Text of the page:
>
> In my opinion, this simplicity is a good design choice with a lot of
> potential. Of course, this is not to say that it will cover all the use cases
> of RDF validation. But most of those use cases could be covered in combination
> with the Shape Expressions language.
>
> Best regards, Jose Labra
>
>
> On Wed, Jul 16, 2014 at 11:30 PM, Simon Spero <sesuncedu@gmail.com
> <mailto:sesuncedu@gmail.com>> wrote:
>
>     How would you compare the semantics of this to those of ICV?
>
>     Thanks,
>     Simon
>
>
>     On Wed, Jul 16, 2014 at 10:12 AM, Jose Emilio Labra Gayo
>     <jelabra@gmail.com <mailto:jelabra@gmail.com>> wrote:
>
>         If I understand your question, I think what you are asking is out of
>         the current ShEx scope but it can be handled by other tools or it
>         could be added to ShEx processors also.
>
>         I mean, ShEx just checks the shape of an RDF graph...that graph can be
>         the original graph or it can be the result of applying a reasoner to
>         the original graph, in which case, it would check the original graph
>         plus the inferred triples.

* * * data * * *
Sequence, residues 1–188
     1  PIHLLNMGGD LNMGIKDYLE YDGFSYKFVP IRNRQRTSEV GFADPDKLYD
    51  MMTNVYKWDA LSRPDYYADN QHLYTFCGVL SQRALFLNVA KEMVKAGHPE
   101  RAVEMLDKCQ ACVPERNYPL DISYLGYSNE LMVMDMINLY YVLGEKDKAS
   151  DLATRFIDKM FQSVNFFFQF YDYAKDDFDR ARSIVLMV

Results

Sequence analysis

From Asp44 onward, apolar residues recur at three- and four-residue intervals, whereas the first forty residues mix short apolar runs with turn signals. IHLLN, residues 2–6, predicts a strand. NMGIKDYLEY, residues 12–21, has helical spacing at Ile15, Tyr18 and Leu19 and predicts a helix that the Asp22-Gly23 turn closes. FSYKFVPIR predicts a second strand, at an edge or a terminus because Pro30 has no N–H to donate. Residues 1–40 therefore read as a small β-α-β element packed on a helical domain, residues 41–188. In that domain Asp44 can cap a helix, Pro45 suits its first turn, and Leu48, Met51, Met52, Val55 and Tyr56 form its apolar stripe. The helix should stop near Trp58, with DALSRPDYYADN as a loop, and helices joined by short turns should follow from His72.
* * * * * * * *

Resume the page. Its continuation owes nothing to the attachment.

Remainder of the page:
>
>         An implementation of ShEx could do RDF Schema or OWL inference before
>         applying ShEx so it could check the shape of the inferred graph
>         instead of the original one. At this moment, I didn't incorporate it
>         in Shexcala but it would not be difficult to add a flag to do it.
>
>         Best regards, Jose Labra
>
>
>
>
>         On Wed, Jul 16, 2014 at 3:38 PM, Dimitris Kontokostas
>         <kontokostas@informatik.uni-leipzig.de
>         <mailto:kontokostas@informatik.uni-leipzig.de>> wrote:
>
>             Hi all,
>
>             I noticed that at the moment you do not handle sub-classes &
>             sub-properties.
>             In a previous thread you mentioned that ShEx want to stand
>             somewhere like one step above syntactic validation so is this
>             something out of the ShEx scope?
>
>             This can be easily achieved with SPARQL1.1 and property paths -
>             when the shape is evaluated in SPARQL (to be clear).
>             However, it needs the schema to get the relations.
>             Ideally this could be enabled by default in ShEx and a special
>             directive could point to the schema(s)
>             Or a special notation could mark if we want to match strictly
>             <Issue> or any subclass
>             such as: <CodingIssue> a owl:Class; rdfs:subClassOf <Issue> .
>
>             Any thoughts, comments on this?
>
>             Best,
>             Dimtiris
>
>             --
>             Dimitris Kontokostas
>             Department of Computer Science, University of Leipzig
>             Research Group: http://aksw.org
>             Homepage:http://aksw.org/DimitrisKontokostas
>
>
>
>
>         --
>         Saludos, Labra
>
>
>
>
>
> --
> Saludos, Labra
```
Received on Thursday, 17 July 2014 03:49:02 UTC